Rowan, C.
November 1998
Nursing Ethics;Nov98, Vol. 5 Issue 6, p542
Academic Journal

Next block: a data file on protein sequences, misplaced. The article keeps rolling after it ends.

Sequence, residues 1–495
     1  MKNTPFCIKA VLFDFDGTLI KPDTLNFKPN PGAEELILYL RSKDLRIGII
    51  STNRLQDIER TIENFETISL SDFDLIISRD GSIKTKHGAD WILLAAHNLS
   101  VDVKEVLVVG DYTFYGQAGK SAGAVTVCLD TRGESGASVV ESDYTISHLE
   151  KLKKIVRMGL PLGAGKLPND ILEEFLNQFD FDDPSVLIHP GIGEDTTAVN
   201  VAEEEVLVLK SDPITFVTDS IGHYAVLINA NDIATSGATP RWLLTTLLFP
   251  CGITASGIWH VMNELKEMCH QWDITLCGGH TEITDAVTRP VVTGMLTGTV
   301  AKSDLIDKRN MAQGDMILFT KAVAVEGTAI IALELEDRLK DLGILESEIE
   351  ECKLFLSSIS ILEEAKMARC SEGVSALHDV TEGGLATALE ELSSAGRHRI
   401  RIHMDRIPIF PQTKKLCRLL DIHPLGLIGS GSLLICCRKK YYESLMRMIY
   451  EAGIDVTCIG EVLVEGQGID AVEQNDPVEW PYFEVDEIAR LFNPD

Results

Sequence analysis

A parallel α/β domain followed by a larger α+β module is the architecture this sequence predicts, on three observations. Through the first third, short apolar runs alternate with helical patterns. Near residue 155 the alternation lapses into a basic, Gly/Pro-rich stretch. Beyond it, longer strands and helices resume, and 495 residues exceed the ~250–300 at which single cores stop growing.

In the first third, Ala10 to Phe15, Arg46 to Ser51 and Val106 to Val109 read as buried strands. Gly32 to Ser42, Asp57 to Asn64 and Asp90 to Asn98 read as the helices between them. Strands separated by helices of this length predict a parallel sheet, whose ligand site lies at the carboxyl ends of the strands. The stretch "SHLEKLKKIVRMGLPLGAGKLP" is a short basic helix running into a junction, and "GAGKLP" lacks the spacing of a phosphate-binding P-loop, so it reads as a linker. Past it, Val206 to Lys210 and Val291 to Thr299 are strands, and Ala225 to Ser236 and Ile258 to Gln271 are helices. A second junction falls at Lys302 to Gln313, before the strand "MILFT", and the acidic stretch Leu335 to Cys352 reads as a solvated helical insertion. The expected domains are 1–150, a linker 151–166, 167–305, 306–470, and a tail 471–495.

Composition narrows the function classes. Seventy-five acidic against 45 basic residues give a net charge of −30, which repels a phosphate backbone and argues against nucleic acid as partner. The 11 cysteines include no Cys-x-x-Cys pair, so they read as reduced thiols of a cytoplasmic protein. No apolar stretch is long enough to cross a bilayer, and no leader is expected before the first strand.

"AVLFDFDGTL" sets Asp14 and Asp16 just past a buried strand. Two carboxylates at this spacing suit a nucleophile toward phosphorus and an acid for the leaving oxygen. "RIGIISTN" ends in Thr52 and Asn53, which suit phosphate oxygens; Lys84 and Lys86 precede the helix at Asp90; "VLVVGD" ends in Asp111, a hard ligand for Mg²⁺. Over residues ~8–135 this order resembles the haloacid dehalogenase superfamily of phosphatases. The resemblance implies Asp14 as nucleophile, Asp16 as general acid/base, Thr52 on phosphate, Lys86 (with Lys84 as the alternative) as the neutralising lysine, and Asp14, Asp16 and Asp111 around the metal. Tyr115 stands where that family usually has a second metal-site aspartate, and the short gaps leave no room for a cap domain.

The recent case of Ms S in the UK has clarified a controversial aspect of the care of a mother and her unborn child, particularly in relation to the right to refuse treatment, even though this may involve risks to her and to her child. It also raises issues about the role of the midwife in such circumstances. Ms S was a pregnant woman suffering from pre-eclampsia, diagnosed by the family doctor at 36 weeks. She was sectioned under the Mental Health Act 1983, as a means of forcing her to have a caesarean section. Mrs Hogg, the high court judge who authorized the operation, did not ask whether Ms S was mentally competent to refuse treatment, and the patient was not represented. Three judges subsequently ruled that her admission to hospital in 1996, her transfer and her detention on the obstetric ward were unlawful, as was the operation, even though it had been sanctioned by a high court judge. This case makes it very clear that court-ordered caesarean sections are not legally or morally acceptable when a woman is competent to make her own decisions.


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